Mathematics is greatly facilitated if students are engaged in purposeful experiences with concrete objects and number patterns. Weshould make sure that the mathematics weask students to learn is connected in meaningfulways to their experiences: bridging school and out of school mathematics practices.

In this situation, the funds of knowledge of each student would become an integral aspect of the mathematics lesson. Inherent in this approach to pedagogy is the decentering of the source of knowledge from only the teacher or textbook to include student knowledge and skills.

Classroom activities should be rich and aimed towards building the confident aptitude required for approaching mathematical problems especially non routine ones, in a successful way.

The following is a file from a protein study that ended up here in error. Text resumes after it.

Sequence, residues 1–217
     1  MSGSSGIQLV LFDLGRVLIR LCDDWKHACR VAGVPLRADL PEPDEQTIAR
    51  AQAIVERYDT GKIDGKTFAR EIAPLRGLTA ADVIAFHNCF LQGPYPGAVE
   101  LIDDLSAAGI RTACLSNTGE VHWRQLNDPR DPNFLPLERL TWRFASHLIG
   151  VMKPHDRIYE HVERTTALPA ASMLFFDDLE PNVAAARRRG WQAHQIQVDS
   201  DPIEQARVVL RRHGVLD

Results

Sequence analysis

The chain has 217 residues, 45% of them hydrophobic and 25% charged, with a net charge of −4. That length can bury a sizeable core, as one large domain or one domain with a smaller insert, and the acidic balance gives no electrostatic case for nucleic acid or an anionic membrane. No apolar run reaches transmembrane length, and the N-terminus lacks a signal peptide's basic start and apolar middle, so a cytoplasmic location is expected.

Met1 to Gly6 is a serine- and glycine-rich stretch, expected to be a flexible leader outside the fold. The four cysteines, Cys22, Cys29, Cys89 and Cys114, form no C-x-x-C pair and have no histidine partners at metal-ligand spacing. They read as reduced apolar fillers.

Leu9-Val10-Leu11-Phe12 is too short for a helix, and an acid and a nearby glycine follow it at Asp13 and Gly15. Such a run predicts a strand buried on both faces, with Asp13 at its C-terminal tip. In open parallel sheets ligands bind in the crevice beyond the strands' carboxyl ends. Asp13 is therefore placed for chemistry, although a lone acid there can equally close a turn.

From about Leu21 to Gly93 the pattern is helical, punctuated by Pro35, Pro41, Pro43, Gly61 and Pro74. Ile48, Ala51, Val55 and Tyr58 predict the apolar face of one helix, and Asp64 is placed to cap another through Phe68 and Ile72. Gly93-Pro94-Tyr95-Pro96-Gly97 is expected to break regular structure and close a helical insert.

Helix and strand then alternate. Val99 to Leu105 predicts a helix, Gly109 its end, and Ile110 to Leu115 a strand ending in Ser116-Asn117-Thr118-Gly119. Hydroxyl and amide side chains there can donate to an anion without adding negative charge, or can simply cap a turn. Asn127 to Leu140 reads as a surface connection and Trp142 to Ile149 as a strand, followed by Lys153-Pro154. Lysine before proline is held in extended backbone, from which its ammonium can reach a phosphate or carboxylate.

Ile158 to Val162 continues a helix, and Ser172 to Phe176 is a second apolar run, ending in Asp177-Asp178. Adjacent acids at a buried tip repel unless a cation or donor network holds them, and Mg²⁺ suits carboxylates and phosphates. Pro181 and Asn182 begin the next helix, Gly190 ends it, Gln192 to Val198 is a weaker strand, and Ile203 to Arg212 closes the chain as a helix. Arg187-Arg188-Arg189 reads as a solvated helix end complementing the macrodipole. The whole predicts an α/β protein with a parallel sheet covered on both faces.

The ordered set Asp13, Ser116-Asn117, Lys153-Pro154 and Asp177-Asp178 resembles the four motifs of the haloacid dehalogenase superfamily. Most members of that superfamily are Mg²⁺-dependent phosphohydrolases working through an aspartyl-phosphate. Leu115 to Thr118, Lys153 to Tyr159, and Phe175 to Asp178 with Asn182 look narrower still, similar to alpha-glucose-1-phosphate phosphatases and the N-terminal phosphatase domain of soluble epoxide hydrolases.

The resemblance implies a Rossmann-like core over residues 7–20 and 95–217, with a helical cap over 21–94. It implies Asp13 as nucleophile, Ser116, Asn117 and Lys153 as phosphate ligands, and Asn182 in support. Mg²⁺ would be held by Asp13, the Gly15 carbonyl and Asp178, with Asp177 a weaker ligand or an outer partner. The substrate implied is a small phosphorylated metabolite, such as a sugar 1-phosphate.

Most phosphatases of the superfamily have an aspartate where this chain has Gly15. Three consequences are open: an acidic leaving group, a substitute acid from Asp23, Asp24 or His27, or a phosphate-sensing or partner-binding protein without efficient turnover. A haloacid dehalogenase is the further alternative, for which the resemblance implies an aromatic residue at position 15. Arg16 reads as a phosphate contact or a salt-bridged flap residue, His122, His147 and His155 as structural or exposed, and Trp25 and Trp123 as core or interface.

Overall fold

Students should be guided to adopt the problem solving strategies they feel comfortable with and understand that there is not only one correct way to solve a problem and that a mathematical problem does not always necessarily has only one right answer.

Students should not be confronted with just routine problems which require only basic operations and calculations.

Students need plenty of opportunity to engage in mental mathematics and estimation activities. Such opportunities should be provided daily.

Mental mathematics and estimation further enables students to judge the reasonableness of answers and to quickly recall basic number facts.

Undoubtelysuch opportunities will further enable students to be more efficient problem solvers. Frequent use of estimation and mental computation are also important ingredients in the development of a strong number sense.